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UltraViolet Begins its Licensing Program; Aims at Fall Debut

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Digital media protection system UltraViolet took a step toward consumer availability yesterday with the opening of its licensing program for content, technology, and service providers. Companies can receive licenses in five areas: content provider, retailer, streaming service provider, app or device maker, and download infrastructure or services provider.

Long in the planning stages, UltraViolet is a content protect system that lets consumers build libraries of movies and TV programs, store their media in the cloud, then access it freely on other devices. The system will work with both physical and downloaded content. Media and hardware will be branded with the UltraViolet logo to let consumers know which are compatible. Consumer rollout is targeted for this fall.

Licensees will need to abide by rigorous specifications to ensure that all UV-branded content and devices are compatible. With a project this far-reaching, it's crucial that consumers get a uniform and fluid experience. The specs include a universal Common File Format for downloaded material. With that format, downloaded media will be encoded and encrypted once, but will work across platforms on UV-branded technology.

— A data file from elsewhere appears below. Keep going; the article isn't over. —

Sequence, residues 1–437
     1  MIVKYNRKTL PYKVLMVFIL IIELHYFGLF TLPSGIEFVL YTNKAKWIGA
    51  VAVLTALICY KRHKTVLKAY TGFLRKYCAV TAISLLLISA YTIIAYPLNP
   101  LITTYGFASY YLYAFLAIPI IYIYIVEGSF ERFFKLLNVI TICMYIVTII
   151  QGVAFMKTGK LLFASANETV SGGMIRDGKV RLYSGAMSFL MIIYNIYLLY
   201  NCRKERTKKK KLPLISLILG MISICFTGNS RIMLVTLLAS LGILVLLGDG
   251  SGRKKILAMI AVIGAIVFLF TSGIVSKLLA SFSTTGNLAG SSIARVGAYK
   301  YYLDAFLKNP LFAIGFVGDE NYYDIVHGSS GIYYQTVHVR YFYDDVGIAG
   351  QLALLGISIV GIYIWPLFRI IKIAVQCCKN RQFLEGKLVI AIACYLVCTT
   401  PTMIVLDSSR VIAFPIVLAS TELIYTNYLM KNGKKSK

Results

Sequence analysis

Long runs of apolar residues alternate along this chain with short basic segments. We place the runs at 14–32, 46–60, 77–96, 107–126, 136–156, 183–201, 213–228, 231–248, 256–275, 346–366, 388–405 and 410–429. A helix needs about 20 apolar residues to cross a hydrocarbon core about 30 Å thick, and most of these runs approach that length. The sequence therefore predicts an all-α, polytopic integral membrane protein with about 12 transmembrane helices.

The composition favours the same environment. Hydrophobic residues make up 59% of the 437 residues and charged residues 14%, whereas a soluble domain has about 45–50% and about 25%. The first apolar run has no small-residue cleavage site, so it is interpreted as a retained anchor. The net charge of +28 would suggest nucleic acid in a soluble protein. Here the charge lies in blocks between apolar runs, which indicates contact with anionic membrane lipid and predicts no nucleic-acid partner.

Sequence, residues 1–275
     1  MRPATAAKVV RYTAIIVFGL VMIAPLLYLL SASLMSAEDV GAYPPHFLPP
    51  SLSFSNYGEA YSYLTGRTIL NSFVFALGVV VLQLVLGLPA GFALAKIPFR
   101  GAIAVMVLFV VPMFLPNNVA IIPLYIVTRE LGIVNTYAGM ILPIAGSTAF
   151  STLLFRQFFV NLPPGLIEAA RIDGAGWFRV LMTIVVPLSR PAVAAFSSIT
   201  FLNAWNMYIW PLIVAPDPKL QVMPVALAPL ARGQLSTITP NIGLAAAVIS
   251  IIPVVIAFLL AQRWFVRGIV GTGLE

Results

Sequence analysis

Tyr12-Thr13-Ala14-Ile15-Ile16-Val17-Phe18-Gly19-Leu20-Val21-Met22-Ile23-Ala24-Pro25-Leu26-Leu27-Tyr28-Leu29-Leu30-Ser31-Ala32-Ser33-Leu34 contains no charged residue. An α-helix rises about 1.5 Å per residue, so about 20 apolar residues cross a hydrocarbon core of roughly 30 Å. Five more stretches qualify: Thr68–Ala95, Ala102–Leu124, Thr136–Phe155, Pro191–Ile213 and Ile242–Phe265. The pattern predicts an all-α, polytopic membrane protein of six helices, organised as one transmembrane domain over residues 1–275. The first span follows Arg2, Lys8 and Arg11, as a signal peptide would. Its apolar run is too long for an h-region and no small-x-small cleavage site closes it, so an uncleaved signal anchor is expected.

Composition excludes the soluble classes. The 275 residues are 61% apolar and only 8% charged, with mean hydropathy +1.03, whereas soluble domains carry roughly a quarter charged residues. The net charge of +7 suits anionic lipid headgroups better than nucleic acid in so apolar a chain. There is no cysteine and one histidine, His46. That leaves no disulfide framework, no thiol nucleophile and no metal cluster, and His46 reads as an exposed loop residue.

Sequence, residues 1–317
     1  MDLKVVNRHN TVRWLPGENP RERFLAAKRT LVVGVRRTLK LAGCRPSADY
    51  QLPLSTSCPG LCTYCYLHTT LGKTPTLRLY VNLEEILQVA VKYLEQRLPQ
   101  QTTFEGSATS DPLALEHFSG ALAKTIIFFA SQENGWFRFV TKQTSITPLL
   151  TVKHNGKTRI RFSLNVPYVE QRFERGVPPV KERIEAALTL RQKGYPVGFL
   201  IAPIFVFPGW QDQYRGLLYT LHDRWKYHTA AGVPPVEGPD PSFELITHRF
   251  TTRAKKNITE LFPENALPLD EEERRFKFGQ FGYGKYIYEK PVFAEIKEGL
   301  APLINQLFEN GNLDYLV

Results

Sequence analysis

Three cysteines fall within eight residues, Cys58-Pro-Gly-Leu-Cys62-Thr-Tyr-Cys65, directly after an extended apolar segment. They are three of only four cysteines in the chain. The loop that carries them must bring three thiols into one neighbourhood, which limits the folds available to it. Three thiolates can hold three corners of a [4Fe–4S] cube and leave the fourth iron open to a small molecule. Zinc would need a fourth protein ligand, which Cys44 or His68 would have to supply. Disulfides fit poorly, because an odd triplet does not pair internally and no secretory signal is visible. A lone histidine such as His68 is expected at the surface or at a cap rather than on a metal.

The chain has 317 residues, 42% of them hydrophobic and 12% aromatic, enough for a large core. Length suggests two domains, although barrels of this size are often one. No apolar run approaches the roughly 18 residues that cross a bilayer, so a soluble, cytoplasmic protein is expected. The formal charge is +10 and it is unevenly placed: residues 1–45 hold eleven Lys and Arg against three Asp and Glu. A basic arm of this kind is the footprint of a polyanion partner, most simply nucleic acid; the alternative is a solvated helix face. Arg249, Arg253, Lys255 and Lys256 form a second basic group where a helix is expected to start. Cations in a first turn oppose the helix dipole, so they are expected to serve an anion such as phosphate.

Licensees are now integrating with the UltraViolet locker system and beta testing it. The platform's infrastructure was built by Neustar.

"Consumers are looking for a better value proposition to own and collect digital movies and TV shows -- a proposition that provides downloads, streaming, and physical copy viewing options which are accessible on multiple platforms. The initiation of UltraViolet's business-to-business (B2B) licensing program represents another key step in the development and roll-out of this new ecosystem designed to respond to this consumer demand, says" Mark Teitell, UltraViolet's general manager.

The Digital Entertainment Content Ecosystem (DECE), which oversees UltraViolet, announced that it added eight partners in the first half of this year: AMD, Blockbuster, CyberLink, NVIDIA, PacketVideo, Roadshow Entertainment, SeaChange, and Vudu. The consortium now includes over 70 member companies. The one significant omission is Apple: UV-branded content won't work with Apple devices.

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